At this year’s KubeCon, CloudNativeCon, EU held in Barcelona, a panel discussion on “GitOps and Best Practices for Cloud Native CICD” was attended by almost 1600 participants! Clearly there was a ton of interest in GitOps, suggesting that GitOps has crossed the chasm and is now a central part of the Cloud Native lexicon that should be in every developer and cluster operator’s toolkit.
Chaired by Allison Richardet the discussion panel consisted of: Tracy Miranda (@tracymiranda) Cloudbees, Laura Tacho (@rhein_wein) , Cloudbees, Ivan Pedrazas (@Ipedrazas), of State Street and Alexis Richardson (@monadic), Weaveworks.
Five main topic areas were covered:
- What is GitOps?
- How has Git been applied to Ops to create GitOps?
- What challenges does GitOps help solve?
- What cultural impact does GitOps have on organizations and teams?
- How do I champion GitOps in my organization?
What is GitOps?
The panel agreed that GitOps is a fast, and secure method for developers and cluster operators to maintain and update complex applications running in Kubernetes.
At its core, GitOps is these two things:
- An operating model for Kubernetes and other cloud native technologies, providing a set of best practices that unify deployment, management and monitoring for containerized clusters and applications.
- A path towards a developer experience for managing applications; where end-to-end CICD pipelines and git workflows are applied to both operations, and development.
I’m using configuration as code, am I doing GitOps?
The answer to this question is ‘sort of’. While configuration as code is certainly a big part of GitOps, it is much more comprehensive than that; it also includes the workflows around approving and managing changes to your production system.
According to Laura Tacho, Git as a pattern goes beyond being a simple source code repository. GitOps incorporates all of the amazing stuff that developers love about Git and extends a set of developer workflow patterns across all functional areas of your engineering team.
GitOps is developer workflows for operations
Alexis Richardson agrees that GitOps is much more that just a simple operations by pull request. The role of the modern orchestrator is also very important, he says. Tools like Kubernetes, Terraform and perhaps even Jenkins X are all build orchestration tools, that can remove the responsibility from a system or cluster operator, allowing for automatic system updates. But to take full advantage of that automation capability, you also need built in runtime observability that alerts the team for when the system diverges from the source of truth. Driving all of this through familiar and collaborative developer workflows is very powerful and is also what sets GitOps apart.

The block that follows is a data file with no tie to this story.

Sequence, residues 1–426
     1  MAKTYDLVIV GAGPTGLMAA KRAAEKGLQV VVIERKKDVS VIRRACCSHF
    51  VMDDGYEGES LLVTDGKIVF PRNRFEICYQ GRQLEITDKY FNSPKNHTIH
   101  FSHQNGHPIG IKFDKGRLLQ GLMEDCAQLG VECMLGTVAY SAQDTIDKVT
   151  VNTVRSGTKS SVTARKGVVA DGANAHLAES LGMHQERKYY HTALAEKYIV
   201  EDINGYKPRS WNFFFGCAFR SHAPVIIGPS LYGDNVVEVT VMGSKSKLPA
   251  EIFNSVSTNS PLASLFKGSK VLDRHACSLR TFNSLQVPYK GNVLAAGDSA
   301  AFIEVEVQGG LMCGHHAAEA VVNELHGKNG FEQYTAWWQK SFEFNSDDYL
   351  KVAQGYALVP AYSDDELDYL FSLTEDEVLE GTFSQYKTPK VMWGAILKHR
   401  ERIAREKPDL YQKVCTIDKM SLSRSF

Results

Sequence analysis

What challenge does GitOps solve?
Fundamentally, GitOps is a way to increase your team’s velocity without sacrificing quality.
Alexis Richard discussed how GitOps provides a common operating model for teams to work together. For many who are new to Kubernetes, where to start and how to organize can be confusing. Most customers don’t want to change the structure of their teams to be productive, but with GitOps there is no need to change your team structure.
Most developers are already familiar with Git, so incorporating GitOps into your organization is simple. With everything in one place, your Ops team can use the same workflow to make infrastructure changes by creating issues, and reviewing pull requests. Since Git maintains an atomic record, any changes to your cluster can be easily rolled back. And with built-in observability your teams have both the confidence and the autonomy to make changes.
By introducing GitOps into your organization:
- Any developer who uses Git can start deploying new features to Kubernetes
- The same workflows are maintained across development and operations
- All changes can be triggered, stored, validated and audited in Git
- Ops changes can be made by pull request including rollbacks
- Ops changes can be observed and monitored
GitOps reduces deployment anxiety
In the event that an unexpected situation compromises the current state of the cluster, you can easily revert to a good state with GitOps, since your entire application is kept as a series of transactions in Git. This can span from a single component of the application or infrastructure, to the entire system following some form of catastrophic event.
Is there a cultural impact that GitOps has on organizations and teams?
Automation is probably the biggest cultural change that teams will face. According to Alexis, the more regulations your organization faces, the more gateways, you will have in terms of a release process. Automation needs to be tempered by the ability to stop it. This includes someone on your team having the ability to give permission through a git merge.
“DevOps is telling us that developers can manage Ops tasks, which for most enterprises is the opposite of what they’ve been taught on how to keep systems reliable and secure. It is not GitOps dictating this, but rather continuous delivery that poses the biggest challenge for enterprises adopting technology like Kubernetes.” --Alexis Richardson -Weaveworks
Fundamentally Git is a collaborative technology and with that type of team-based workflows, your teams become less specialized.
View the panel discussion in its entirety: